But this leads to the question: what about this term, "quality"? What if the concept of "quality" is inherently sexist? Isn't there something inherently masculinist and hierarchical about 'objectively' evaluating the mertis and faults of a piece of music? I worry that we've internalized sexism to such an extent that it manifests itself in our hatred of certain things. It's too easy to feel a sexist, leering abhorrence towards girls who slink around in underwear and heels and lip sync to shoddily arranged synth beats and call themselves artists. It's too easy to accuse them of setting feminism and its gains back, to resent them for their hypersexualized looks and behavior and how it affects both us and the men in our lives. Male artists are never, ever accused of being too sexy, and criticisms of the quality of their music are never so venomous as the diatribes that have been written, by both men and women, about people like Lindsay Lohan or Britney Spears. "Quality" frequently seems like an excuse to enumerate a girly pop star's many faults, and not just her music.
It's not very sisterly or feminist to have such negative feelings towards any women, no matter how upsetting their words and actions may be. But it's not any better to like an artist just because she identifies as a woman, or to insist that we all like female artists 'just because'. By that logic, we'd all be obligated to like Sarah Palin.
Which is not to compare Tegan and Sara (who made many jokes at Palin's expense on October 5) to the current Republican vice presidential nominee. A comparison between Palin, and say, Britney Spears -- who once announced very publicly her trust in President Bush and his campaigns in the Middle East -- might be more appropriate. But it's the point, not the vernacular: it is unrealistic to expect anyone, including women listeners, to like all women musicians. It's unrealistic to expect us to like every woman we encounter -- men certainly aren't expected to all like each other. Men don't burden each other with the expectation that they will all be perfect representations of whatever masculinity and manhood mean to them, and so long as a guy doesn't have a limp wrist, men don't attack each other for not meeting their specifications. So why should we do that to each other? Why should us girls who participate in music and pop culture, us lady musicians, attack or resent women musicians for not being, say, Beth Ditto, or Kathleen Hanna, or which ever other women we admire?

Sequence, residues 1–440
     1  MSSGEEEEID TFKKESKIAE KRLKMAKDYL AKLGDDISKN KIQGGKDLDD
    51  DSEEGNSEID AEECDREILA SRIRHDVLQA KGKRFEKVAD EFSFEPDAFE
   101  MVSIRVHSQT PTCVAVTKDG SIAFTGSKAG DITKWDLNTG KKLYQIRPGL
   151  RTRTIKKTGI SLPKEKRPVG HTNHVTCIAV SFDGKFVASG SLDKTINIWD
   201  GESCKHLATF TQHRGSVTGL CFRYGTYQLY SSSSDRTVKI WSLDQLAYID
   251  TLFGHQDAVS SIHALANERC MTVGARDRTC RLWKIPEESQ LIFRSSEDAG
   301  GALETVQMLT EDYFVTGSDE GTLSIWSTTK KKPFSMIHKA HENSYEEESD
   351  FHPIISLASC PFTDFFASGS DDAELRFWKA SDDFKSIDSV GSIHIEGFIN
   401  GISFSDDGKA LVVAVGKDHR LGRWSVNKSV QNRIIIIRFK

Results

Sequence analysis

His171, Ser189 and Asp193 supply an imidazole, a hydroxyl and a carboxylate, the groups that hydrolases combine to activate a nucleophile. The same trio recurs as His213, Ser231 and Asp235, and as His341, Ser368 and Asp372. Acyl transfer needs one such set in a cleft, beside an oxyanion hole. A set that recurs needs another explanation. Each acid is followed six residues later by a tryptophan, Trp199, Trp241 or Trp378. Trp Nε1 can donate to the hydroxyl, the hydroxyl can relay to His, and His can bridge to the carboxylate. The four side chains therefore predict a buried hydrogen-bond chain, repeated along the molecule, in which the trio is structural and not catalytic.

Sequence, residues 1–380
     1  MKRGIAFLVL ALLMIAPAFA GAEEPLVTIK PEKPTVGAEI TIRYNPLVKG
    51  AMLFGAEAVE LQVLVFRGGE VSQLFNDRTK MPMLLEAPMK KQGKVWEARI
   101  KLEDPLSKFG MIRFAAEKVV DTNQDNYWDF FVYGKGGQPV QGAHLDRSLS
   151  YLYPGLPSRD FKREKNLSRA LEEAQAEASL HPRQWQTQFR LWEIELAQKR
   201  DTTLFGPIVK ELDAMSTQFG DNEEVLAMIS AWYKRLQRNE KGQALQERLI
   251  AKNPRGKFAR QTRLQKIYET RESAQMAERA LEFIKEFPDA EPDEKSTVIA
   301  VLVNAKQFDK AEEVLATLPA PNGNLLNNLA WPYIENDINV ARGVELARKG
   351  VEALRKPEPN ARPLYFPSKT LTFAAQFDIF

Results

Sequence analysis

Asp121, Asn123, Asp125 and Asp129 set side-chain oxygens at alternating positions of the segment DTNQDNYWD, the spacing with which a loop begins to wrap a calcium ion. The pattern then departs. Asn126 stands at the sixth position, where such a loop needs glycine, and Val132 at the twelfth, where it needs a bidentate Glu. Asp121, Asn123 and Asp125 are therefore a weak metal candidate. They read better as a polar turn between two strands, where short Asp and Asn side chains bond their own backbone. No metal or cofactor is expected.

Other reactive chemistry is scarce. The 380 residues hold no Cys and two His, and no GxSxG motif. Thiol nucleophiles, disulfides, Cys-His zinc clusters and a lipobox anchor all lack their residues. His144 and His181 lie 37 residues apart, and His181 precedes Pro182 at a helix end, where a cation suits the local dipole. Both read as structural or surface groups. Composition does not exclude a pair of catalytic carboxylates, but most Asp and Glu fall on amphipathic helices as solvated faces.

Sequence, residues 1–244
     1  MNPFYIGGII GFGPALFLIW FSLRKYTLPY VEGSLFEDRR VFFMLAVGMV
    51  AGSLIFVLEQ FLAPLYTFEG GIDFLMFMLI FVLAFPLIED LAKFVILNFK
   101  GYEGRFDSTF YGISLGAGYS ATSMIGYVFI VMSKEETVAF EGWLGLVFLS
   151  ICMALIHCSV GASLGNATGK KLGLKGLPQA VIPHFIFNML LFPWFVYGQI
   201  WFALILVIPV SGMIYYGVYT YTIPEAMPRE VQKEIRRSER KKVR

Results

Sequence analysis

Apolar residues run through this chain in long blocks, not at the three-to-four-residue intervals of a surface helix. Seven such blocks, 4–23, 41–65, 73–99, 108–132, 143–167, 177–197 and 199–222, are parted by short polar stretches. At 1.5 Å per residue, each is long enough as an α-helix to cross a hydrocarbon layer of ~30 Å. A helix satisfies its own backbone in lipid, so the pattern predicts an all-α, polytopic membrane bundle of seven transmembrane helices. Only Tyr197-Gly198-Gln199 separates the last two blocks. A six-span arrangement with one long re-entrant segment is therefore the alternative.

It will sound like old news, maybe, but the conclusion I've come to is that it's a waste of energy and time to dislike other women so intensely, for whatever reason. It's also a waste of time and energy to feel guilty about not liking someone or something, even when, like Tegan and Sara, it's good. I want to encourage all of us, myself included, to stop thinking in terms of quality, and prioritize our feelings towards music, how it makes us feel, not how we think we should feel. And I want to encourage us to make room for the Britneys, the Lindsays, the Christinas, the Kellys, the Tiffanys, the Avrils, the Jessicas, and whoever else might come along, because so long as they make someone feel good or happy, as pop stars frequently do make younger girls feel, we should be able to give them some space. They might be problematic, and their visibility might inspire doubt or misgivings in some of us feminists and critics, but that's the thing about feminism: it's not about choosing between quantity and quality. It's about having both -- in politics, in art, in music, everywhere.